This weekend (November 9-11) saw The Chocolate Show in New York City. The show is organized by Event International, the company that organizes the Salon du Chocolat in Paris and more than 15 other cities around the world. New York is the only location that does that does not incorporate the Salon du Chocolat brand into the name.
I like The Chocolate Show for a number of reasons, including the fact that it brings out the core of the NY chocolate community every year while bringing people to the city that I only get to see once or twice a year.
The New York show comes on the heels of the Salon du Chocolat in Paris (Oct 31 - Nov 4) and at the same time as the Salon du Chocolat in Lyon. I mention this as a preface to the effects of Hurricane Sandy. Three major shows in a two-week period is a lot of work and to some extent this was reflected in the organization and depth of offerings here at the New York show. For example, there was no opening fashion show and the show was shortened from its conventional four days to three. The show site suggests that visitors could expect 150 participants. The official show program lists about 55 exhibitors, a number that might be increased 50% if all of the speakers and presenters over the three days are also counted, so 150 participants was a stretch.
The conflict of timing also meant that some prior Chocolate Show participants from France did not make it this year, notably François Pralus (who was represented by his US distributor, though not with the variety of product that ended up being shown in Lyon, which is only an hour from Pralus' headquarters in Roanne).
But the big wrench in the works was undoubtedly Hurricane Sandy. The number of exhibitors - local, national, and international - was reduced by more than a dozen. Some of the exhibitors' businesses - notably NYC's Fika Choklad - were inundated by the hurricane. Other companies had trouble changing travel plans in the wake of the hurricane and the Nor'easter that dumped up to four inches of snow on Wednesday, less than 48 hours before the start of the show. Mott Green, of the Grenada Chocolate Company, mentioned that his flight to NY from Grenada was canceled. He was able to get a flight to Trinidad and catch a red-eye to NYC from there, otherwise he would have been late or missed the show entirely. Sorely missed were Guittard, probably the most consistent exhibitor at The Chocolate Show over its history.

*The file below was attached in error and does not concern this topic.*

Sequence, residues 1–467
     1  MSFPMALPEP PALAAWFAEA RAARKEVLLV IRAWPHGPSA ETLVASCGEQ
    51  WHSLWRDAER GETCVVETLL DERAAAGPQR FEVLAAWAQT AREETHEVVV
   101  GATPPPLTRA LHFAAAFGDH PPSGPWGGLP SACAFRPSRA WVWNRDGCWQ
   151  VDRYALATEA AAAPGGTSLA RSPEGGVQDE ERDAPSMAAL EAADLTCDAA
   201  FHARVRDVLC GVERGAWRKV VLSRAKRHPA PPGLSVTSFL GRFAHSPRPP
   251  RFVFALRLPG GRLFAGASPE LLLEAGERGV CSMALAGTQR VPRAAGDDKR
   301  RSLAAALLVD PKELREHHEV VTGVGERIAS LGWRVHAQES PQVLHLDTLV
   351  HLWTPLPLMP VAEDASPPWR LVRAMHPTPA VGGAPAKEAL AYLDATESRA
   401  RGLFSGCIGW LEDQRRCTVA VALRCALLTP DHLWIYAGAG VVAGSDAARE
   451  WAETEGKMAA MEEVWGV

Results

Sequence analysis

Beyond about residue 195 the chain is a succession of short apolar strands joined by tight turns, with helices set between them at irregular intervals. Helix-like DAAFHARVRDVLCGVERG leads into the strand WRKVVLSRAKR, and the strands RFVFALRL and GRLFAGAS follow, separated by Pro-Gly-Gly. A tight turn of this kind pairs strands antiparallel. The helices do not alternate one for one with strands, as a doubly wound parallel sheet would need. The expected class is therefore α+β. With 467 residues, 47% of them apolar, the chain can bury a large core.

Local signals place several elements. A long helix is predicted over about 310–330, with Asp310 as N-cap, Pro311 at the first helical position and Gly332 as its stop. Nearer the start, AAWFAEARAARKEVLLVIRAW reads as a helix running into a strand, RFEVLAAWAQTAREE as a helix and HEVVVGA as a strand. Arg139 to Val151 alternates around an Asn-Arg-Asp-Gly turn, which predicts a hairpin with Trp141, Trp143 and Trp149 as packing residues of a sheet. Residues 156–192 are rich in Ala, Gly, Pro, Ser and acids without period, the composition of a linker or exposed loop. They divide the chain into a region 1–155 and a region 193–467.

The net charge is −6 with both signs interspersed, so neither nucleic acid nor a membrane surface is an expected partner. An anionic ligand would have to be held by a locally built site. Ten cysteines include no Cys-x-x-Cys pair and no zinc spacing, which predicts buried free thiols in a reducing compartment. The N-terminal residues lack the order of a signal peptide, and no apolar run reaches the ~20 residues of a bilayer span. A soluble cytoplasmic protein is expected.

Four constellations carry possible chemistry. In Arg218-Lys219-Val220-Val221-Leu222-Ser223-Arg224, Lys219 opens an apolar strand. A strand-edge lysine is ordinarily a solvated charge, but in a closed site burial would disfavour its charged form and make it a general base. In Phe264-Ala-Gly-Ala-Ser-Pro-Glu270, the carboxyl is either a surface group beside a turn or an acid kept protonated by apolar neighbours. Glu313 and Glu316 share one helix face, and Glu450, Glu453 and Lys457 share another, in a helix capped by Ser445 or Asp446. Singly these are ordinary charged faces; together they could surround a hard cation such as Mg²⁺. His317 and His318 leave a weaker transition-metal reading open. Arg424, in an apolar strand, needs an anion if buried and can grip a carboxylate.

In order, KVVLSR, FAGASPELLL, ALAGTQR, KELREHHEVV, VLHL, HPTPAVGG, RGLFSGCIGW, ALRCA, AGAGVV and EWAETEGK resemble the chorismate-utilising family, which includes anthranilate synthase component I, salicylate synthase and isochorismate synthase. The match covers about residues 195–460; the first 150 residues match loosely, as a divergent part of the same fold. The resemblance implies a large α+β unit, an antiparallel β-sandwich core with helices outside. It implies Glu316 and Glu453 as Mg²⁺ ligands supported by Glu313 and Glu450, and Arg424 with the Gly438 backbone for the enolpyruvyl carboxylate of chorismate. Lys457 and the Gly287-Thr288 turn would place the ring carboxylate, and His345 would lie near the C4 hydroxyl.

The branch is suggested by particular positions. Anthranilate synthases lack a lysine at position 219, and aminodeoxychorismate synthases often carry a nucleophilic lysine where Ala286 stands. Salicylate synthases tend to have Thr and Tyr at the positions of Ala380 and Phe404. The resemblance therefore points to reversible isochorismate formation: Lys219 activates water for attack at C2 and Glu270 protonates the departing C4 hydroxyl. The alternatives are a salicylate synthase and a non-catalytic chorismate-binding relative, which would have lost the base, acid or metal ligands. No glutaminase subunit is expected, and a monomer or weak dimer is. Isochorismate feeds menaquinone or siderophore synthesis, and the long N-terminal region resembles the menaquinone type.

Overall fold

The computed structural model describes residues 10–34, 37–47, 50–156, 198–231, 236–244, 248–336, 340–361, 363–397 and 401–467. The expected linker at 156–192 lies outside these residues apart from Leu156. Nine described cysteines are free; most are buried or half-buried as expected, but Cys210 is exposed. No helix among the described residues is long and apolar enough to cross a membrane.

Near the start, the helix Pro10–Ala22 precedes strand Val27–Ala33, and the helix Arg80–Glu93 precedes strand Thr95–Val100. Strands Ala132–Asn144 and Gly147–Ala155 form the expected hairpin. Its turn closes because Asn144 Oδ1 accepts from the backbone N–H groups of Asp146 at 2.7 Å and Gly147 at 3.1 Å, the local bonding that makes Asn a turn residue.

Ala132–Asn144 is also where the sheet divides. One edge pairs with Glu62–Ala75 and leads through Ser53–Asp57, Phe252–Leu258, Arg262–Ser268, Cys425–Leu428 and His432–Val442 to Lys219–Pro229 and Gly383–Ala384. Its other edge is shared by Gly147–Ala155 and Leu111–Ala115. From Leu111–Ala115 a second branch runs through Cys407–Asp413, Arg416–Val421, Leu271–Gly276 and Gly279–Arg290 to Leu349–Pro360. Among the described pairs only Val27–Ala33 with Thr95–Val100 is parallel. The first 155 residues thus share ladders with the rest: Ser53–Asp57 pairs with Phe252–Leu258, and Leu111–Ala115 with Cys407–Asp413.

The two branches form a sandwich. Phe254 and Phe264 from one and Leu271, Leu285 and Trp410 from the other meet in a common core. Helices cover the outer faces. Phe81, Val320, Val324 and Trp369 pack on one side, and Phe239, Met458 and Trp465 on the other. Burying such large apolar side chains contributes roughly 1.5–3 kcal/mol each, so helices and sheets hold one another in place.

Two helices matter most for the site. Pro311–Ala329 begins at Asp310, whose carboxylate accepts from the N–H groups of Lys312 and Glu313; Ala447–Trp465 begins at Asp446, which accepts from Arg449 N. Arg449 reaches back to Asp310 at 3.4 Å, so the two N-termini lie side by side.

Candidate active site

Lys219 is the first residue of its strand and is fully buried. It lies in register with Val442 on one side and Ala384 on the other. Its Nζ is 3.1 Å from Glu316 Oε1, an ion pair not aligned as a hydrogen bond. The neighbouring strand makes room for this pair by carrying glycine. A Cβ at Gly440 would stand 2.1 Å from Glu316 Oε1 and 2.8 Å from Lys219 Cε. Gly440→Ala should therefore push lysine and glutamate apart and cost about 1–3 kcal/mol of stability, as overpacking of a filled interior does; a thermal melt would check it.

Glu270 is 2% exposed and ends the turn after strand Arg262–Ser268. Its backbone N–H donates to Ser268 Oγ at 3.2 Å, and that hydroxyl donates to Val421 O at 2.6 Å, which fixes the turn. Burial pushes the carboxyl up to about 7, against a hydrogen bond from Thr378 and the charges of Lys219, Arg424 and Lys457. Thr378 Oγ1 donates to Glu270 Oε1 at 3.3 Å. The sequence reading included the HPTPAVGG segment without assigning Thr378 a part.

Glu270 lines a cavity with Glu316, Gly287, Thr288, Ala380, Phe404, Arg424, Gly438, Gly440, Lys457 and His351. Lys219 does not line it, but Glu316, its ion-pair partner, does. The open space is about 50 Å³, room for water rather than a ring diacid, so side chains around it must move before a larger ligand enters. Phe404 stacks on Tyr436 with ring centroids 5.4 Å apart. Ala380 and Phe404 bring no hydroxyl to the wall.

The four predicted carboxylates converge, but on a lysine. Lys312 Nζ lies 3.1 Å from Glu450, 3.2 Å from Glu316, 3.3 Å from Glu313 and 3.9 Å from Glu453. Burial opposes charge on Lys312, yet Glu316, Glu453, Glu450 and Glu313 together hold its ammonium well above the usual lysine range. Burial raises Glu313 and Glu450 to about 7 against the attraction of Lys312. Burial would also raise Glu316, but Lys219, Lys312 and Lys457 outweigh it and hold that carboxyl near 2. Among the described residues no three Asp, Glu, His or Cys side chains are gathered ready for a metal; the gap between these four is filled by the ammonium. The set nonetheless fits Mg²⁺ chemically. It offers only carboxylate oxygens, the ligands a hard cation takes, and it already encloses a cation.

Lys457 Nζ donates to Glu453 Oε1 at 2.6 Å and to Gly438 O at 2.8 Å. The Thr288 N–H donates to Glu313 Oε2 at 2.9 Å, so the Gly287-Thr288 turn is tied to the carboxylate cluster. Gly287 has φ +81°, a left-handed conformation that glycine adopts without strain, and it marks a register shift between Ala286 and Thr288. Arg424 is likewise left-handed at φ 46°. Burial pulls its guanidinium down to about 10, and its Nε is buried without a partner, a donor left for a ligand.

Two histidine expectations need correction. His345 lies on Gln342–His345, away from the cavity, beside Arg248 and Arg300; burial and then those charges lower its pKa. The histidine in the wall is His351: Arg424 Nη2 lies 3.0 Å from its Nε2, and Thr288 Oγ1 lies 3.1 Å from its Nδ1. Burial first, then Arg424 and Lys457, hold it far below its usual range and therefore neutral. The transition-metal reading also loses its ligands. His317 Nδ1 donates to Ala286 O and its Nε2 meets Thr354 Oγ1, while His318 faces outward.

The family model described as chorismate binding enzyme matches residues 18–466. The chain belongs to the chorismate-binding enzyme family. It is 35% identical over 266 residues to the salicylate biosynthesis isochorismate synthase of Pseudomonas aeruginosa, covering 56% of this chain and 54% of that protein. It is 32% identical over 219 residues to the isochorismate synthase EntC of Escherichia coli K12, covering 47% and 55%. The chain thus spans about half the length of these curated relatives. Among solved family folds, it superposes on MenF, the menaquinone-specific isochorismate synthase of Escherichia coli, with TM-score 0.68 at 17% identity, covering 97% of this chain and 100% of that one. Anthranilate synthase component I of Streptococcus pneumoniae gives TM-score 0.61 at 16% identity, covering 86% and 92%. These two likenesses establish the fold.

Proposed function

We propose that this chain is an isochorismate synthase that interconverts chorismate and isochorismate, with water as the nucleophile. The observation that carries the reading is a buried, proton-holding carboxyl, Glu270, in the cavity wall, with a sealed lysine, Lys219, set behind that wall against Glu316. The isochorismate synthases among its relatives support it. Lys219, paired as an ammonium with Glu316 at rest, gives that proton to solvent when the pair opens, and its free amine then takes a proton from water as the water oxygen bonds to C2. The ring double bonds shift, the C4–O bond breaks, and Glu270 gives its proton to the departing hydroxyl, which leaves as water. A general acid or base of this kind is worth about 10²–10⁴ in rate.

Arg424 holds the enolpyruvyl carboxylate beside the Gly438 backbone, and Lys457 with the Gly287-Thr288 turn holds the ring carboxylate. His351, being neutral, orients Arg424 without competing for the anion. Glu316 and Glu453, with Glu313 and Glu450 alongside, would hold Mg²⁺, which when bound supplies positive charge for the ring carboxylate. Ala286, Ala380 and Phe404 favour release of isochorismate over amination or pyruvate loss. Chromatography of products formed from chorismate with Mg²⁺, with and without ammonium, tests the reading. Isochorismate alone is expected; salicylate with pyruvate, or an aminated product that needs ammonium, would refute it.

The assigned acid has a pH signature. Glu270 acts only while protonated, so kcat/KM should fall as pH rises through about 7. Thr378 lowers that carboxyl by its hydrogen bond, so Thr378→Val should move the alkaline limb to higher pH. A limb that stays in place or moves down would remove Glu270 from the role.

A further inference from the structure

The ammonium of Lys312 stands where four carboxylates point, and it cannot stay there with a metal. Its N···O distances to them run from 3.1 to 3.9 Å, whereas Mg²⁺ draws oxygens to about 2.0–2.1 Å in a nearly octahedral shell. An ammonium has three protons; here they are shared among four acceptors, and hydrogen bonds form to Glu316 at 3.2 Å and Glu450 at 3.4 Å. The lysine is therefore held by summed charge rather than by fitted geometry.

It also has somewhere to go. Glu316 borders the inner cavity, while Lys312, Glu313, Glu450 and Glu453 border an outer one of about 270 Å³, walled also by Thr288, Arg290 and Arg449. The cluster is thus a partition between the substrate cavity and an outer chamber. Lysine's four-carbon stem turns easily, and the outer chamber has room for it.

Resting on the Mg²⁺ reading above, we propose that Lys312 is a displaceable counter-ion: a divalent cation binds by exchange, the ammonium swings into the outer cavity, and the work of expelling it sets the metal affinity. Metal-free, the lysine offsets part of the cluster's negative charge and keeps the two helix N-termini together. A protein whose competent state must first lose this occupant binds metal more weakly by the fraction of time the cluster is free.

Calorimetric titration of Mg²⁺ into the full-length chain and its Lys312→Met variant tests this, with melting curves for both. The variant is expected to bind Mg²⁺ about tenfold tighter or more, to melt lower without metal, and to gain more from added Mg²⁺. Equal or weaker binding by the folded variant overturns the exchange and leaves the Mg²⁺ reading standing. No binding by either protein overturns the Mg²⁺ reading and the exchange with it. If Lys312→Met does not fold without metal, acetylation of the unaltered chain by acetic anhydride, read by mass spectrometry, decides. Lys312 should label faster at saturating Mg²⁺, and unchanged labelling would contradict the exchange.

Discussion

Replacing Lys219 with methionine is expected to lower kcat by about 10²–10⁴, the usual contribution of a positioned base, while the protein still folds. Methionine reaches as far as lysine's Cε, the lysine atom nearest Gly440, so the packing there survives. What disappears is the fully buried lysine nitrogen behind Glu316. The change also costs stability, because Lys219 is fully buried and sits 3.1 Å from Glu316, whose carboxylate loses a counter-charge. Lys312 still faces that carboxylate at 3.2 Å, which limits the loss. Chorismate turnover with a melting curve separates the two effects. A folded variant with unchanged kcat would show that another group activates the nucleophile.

On the flip side, Maricel Presilla (author of the must-owns The New Taste of Chocolate and Gran Cocina Latina) whose Hoboken, NJ-based restaurant Cucharamama and Latin grocery store Ultramarinos suffered significant storm damage, was able to staff a booth at the last minute. I saw her on Saturday morning when she told me that she left the show on Friday to return to Hoboken to reopen Cucharamama for service Friday evening. No small feats. Maricel was also serving grand chicken molé tamales on Saturday - a real treat. Maricel is a hugely valuable asset to the NY chocolate community, and if you have never been to Cucharamama, now is the time to go in support. (It's okay to go to New Jersey if you have any prejudices about it. It's not difficult to get to Hoboken on the PATH, and it's less than a 15-minute walk from the PATH to the restaurant. I've been there on several occasions and the food, drinks, and hospitality are never less than first rate.)
In addition to the weather having a visible impact on the exhibitor presence, the storm also had a huge effect on attendance. Friday was a very slow day compared with recent years, and Saturday, which started out with a rush, was noticeably beginning to slow down by the time I left, around 1:30. When I arrived at 10:30 there was no line when last year the line was hundreds of people deep. I did not go today, so I won't know how attendance stacked up until someone checks in with me. It's not clear if this year's weather problems will have an impact on next year's show. Certainly the organizers can't bear any blame for the weather, but the reduced number of exhibitors may be remembered by show regulars (who were heard to balk at the ticket prices), and exhibitors may remember the comparatively poor attendee turnout. Only time - and a 2103 show - will tell.
Pacari - the surprise runaway winner at the recent International Chocolate Awards - was in the Ecuador booth and featured founder Santiago Peralta whose travel schedule included returning to Ecuador after the Amsterdam Origin Chocolate conference then returning to Paris for the Salon du Chocolat before coming to NYC. Also in the Ecuador booth were Kallari with their new line of Sacha chocolate bars:
The other major bar introduction came from West Chester, PA-based Eclat. Their Good & Evil bar - which retails for $18 - is made using beans sourced in the Marañon River valley of Peru. These are not exactly the same beans used to make Fortunato #4, but they are sourced in the same general area. (The chocolate itself is manufactured in Switzerland, as is Fortunato #4, not in West Chester.)
The percentage is 4% higher than Fortunato #4, and the bar contains nibs, so it's not possible to compare the chocolate in the Good&Evil bar with the Fortunato, which is something I would like to do. The other feature of Good&Evil is the collaboration of two very well-known chefs, Eric Ripert (of Le Bernardin) and Tony Bourdain (author of Kitchen Confidential, and TV host) - Christopher Curtin (the third name on the bar) is the founder of Eclat. Neither Bourdain nor Ripert are known for their skills with chocolate, but there is no doubt that this celebrity co-branding will increase sales and make the $18 price tag more palatable to more people.
And that's it for today. I am catching a train to Stamford, CT shortly to attend the grand opening celebration for Fritz Knipschildt's Chocopologie.